Most of us know which gemstone is assigned to our birthday month, however did you know that there’s actually a lot more to your birthstone than simply representing the month you were born in?
As we enter the month of May, we’ve found ourselves thinking a lot about its birthstone - the Emerald - and the unique facts, stories and history that have all contributed to making it the treasured gemstone that it is today.
Emeralds are known to be some of the most rare and valuable gemstones to exist, and are typically mined in Brazil, Colombia, Afghanistan and Zambia. They get their name from the Greek root, ‘smaragdos’, meaning 'green gemstone’, and are thought to symbolise rebirth and love.
We know emeralds for their rich green colour, however the highest quality emeralds are of a deep grass green hue with an intense bluish cast. Often, emeralds will have subtle “birthmarks” which add to the character of the stone. These are commonly known as inclusions in diamonds and other gemstones, however those found in emeralds are often specifically referred to as “jardin”, the French word for garden, due to their resemblance to moss or fine vines. These patterns are usually quite beautiful, and emeralds without jardin are extremely rare, so it is for these reasons that their inclusions do not decrease their value as much as in other stones.
Historically, emeralds have served as a vast array of symbols, such as good luck in Chinese and Irish cultures, love and beauty in ancient Greek mythology, and fertility and rebirth in ancient Egypt. In other periods, they were used to ward off epilepsy in children, cure eye diseases, improve memory and intelligence, and enhance clairvoyance. We aren’t sure we can verify any of these claims, but we can certainly confirm that they add an unmatched beauty to any piece of jewellery!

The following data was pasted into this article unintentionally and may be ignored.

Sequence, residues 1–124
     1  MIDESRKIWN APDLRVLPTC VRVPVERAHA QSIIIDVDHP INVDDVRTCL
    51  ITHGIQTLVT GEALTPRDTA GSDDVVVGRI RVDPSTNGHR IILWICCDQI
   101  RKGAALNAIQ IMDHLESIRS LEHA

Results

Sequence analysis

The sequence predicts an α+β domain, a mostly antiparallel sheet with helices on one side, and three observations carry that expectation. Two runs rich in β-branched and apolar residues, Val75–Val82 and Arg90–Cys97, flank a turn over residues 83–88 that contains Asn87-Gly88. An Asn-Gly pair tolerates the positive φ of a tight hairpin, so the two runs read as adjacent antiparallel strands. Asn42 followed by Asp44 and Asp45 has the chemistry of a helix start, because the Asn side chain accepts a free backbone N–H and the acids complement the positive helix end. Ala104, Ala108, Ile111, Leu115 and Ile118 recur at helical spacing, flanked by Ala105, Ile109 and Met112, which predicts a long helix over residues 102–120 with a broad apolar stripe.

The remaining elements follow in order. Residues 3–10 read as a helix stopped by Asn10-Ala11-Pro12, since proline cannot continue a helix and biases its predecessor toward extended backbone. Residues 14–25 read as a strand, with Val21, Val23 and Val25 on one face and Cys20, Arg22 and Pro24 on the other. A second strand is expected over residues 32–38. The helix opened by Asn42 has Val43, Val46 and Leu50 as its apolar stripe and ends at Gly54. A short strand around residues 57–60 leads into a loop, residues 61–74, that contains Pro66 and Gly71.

One particularly famous emerald-lover was Cleopatra. She was so infatuated by these gemstones that she laid claim to an entire emerald mine (the earliest known emerald mine in history), and often presented royal visitors with sculptures of herself carved entirely out of emeralds! Her collection was said to be tremendous, not only adorning herself with them but also her entire palace.
Other notable famous emeralds include:
Jackie Kennedy’s iconic engagement ring from J.F. Kennedy in the 1950s
The couple took their time in finding the perfect ring to match Mrs Kennedy’s unique taste, elegance and class (and we’d say they did a fine job!).
Princess Diana’s art-deco emerald choker
Passed down to her by Queen Elizabeth II, the choker was originally crafted and given to Queen Mary in 1911 by the Ladies of India.
The Tiara Jewels of French Duchess Marie Thérèse
Crafted in 1820, this piece is in impeccable condition for its time and is currently on display at the Louvre.
Halle Berry’s one-of-a-kind engagement ring
This truly unique ring supposedly contains Phoenician codes representing her and her husband’s love story. Does it get any more romantic?
What do you think of May’s birthstone?